In the G/45, the …c6 move was played to protect my backward …c7 pawn/square. If I had played …Nbd7 instead of …h6, I think I would have had time to play …c5. I’ll have to see what Crafty thinks.

    It’s funny how during a game one can spend time on a seemingly stupid-looking move and wonder “Am I smoking crack here or what?” But Crafty it turns out had been looking at the same things, such as ..h6, BxN QxB, Nh5 Qe7 – I debated between Qe7 and Qd8 (looked best) for a while (..Qg6 is not possible), but like I told him after the game, I thought I was okay here as his knight is possibly just offside there on h5. For all that time spent, I’d grade myself about a ‘D’ as far as seeing actual tactics against the king which I needed to be concerned about. That kingside position of White’s is tricky, but it comes up a lot in the Lopez.

    You are right, …c5 was possible even after my ..h6 (which was actually Crafty’s choice, as well) because of the defense dxc…Na6! (threatening both ..Nb4 and recapturing on c5). This idea is new to me, since I am a novice at this opening. You are right that even …d5 was not Crafty’s preference, but I suppose my QGD experience helps to make it workable.

  5. It seems your great desire to exchange down to an advantageous endgame leads you to miss the sharpest or most accurate continuation. There is Ba5 trapping the queen as you mention– instead it seems you wanted to offer a trade of B for N. Then again instead of just taking the N, you tried to trade queens (31…Qe5) which as you note gives up the mate threat on g2 and lets White save the knight with 32.Nf5. Your errors fit into the same mode of thinking– making exchanges for the sake of exchanges– so it seems this is something that can be easily fixed. But you are winning, so kudos for that and keep it up. 🙂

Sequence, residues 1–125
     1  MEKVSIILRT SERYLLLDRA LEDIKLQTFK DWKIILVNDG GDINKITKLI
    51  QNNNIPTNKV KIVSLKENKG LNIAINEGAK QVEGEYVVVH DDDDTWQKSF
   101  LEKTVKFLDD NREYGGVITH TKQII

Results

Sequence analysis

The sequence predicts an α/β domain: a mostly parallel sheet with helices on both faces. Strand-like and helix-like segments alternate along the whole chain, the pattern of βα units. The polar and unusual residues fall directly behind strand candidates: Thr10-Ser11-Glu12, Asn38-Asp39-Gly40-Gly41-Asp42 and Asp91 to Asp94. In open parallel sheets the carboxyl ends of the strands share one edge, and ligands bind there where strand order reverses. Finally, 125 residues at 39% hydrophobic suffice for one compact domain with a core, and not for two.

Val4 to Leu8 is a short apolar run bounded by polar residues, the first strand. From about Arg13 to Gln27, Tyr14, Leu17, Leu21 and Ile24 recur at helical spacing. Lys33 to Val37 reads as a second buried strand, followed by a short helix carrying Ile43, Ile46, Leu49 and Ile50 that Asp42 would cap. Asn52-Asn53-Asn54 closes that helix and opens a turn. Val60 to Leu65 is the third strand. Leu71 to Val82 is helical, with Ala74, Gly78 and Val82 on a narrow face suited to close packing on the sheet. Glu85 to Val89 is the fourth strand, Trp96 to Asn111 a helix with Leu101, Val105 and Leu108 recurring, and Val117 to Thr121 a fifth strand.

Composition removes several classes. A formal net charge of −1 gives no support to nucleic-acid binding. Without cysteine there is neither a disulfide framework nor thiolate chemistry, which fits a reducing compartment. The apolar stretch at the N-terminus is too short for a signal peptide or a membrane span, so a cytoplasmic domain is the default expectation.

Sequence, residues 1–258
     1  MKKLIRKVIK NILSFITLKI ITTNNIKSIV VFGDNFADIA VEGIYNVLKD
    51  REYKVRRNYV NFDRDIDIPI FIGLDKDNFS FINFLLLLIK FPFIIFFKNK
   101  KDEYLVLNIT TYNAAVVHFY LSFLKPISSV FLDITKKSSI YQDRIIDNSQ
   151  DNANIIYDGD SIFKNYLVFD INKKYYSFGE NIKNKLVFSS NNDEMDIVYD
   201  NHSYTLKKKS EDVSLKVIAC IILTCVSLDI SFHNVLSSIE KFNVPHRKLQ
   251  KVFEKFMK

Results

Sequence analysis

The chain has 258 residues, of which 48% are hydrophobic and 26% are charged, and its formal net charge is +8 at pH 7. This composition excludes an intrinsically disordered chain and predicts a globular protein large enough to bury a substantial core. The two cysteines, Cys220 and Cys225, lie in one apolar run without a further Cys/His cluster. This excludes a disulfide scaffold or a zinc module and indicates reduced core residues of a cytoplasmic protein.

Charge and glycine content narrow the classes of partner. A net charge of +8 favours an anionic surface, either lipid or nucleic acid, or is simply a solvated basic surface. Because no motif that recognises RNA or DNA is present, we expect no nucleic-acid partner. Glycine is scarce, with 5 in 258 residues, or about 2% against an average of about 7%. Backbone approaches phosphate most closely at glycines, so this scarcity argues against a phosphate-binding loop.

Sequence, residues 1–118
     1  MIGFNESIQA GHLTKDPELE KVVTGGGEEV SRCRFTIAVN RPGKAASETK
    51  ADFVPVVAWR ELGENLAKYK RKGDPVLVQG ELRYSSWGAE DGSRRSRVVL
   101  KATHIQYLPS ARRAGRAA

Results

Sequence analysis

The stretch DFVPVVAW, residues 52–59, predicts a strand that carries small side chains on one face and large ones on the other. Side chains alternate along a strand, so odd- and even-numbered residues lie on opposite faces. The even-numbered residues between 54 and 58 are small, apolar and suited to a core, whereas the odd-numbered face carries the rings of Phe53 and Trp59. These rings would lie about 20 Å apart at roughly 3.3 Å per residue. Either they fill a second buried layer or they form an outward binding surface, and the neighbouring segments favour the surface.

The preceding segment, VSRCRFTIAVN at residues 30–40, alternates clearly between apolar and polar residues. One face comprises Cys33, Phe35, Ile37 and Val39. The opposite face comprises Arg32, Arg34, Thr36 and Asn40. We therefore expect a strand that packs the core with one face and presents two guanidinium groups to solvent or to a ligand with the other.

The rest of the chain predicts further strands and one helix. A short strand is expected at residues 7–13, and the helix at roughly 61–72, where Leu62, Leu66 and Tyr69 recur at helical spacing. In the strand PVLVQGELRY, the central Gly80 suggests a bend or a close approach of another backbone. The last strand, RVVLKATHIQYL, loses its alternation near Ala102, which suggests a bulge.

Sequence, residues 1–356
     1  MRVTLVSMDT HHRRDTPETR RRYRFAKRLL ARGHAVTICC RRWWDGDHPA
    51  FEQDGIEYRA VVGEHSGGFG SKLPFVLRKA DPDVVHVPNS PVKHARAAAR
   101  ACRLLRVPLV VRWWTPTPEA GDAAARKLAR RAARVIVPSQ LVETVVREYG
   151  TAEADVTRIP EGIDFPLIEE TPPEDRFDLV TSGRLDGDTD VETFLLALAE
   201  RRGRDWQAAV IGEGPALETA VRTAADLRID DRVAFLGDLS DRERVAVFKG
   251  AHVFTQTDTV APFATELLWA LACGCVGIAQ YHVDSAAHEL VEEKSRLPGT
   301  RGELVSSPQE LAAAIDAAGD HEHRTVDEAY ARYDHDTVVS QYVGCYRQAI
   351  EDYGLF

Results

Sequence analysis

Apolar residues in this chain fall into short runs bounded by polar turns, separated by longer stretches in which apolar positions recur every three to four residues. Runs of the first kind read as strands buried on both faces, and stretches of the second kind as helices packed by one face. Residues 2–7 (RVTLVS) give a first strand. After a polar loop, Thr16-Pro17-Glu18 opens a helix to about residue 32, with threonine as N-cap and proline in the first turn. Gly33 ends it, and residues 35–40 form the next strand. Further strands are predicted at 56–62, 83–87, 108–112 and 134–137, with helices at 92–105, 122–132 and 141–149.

6. Thanks, Katar! 🙂

    It finally occurred to me today what my “chess” problem is – board-vision. I have always lacked badly in this department.

    Subconsciously, I am trading down so that my lack of board-vision won’t hold me back. I suppose my opponents in this sub-1600 category are virtually all doing this as well, albeit earlier in the game – allowing me almost to rely on this mutual tendency of theirs. It is quite amateur-istic, I’ll give it that.

    To tell you how bad this problem is, I may have even glanced at Ba5 for a moment, and not truly felt confident that the queen was trapped. Another is when I mated him with my knight. It took me a couple seconds to realize it was mate, much as I had wanted him to move his king up there for a couple of moves before I even checked him with my rook. Like I told him, the knight was simply hanging and moving it back with check seemed like a no-fail. It took him about twice as long as it did me to recognize the mate. So, perhaps my board-vision was bad and his was twice as bad(?).